I filter comments (most of which are spam anyway) and will not post comments that are snarky or combative to the point of killing dialogue. As for me, anything I post is fair game and I assume is public. If I feel unsafe posting it, then I simply won’t.
7. What kinds of boundaries do you observe around confidentiality?
I generally don’t name people I discuss, but my stories are mostly about me anyway. I would endeavor never to discuss someone else in a way that they could be identified without asking their permission first. But, generally, if I do mention someone else, it is to praise them or give them props for helping me in some way.
8. How do you respond to comments and email from readers?
I will always post and respond to comments and emails that are respectful and that contribute to the ongoing dialogue. Sarcastic and excessively argumentative (those that in my opinion shut down discourse) comments are generally ignored.
9. What are the most challenging aspects of blogging in your experience?
Inertia is the biggest problem and I am my own worst critic. If I don’t feel particularly qualified to comment on a topic, or feel that my opinion is not all that unique, then I tend to not post. I suppose that I just need to grant myself the permission to let others make that call.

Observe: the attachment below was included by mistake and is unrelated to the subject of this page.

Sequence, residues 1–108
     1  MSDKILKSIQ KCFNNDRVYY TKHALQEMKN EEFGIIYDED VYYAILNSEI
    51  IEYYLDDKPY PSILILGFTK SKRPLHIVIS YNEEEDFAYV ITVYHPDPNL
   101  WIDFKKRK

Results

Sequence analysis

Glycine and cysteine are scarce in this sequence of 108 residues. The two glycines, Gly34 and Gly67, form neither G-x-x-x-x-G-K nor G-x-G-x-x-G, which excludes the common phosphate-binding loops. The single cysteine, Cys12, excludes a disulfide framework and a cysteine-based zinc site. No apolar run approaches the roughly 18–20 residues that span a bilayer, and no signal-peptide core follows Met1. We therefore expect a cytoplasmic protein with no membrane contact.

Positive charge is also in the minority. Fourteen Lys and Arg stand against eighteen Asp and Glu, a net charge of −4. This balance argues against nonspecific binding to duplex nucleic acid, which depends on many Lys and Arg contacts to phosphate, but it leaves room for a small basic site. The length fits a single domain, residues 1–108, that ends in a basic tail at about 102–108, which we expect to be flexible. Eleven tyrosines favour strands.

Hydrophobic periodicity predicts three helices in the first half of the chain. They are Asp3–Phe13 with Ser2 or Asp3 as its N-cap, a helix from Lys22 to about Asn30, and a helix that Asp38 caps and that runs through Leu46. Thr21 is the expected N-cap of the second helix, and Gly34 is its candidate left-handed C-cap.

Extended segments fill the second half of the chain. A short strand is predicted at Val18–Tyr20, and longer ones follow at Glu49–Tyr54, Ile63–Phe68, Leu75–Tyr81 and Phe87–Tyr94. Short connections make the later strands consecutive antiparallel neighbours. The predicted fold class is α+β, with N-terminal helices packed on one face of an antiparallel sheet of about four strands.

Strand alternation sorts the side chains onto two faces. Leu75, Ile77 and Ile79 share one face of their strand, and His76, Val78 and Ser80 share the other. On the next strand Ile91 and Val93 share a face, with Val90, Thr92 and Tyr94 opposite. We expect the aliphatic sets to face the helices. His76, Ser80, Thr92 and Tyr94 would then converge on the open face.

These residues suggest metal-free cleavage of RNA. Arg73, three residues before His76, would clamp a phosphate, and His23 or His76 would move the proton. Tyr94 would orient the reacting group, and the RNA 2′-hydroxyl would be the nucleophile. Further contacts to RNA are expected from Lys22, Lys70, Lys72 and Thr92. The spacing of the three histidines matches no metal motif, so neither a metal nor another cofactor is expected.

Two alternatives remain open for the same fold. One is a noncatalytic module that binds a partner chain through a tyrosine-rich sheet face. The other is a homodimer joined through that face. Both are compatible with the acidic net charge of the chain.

10. What are the most rewarding aspects of blogging in your experience?
I feel the most reward when I can give voice to an idea or experience that would not likely have been expressed via other avenues open to me. I guess I feel that if my posts affect just one other person in some way, then the effort is worthwhile.
11. What advice would you give to Unitarian Universalists who are new to blogging and want to get started?
Stop worrying about it and let your muse off its leash! You will never please anyone, and you can never please anyone unless you give yourself the chance. So, just run off that diving board and cannonball into the pool!
12. How do you evaluate the success of your blog? What have been your most successful blog posts or series?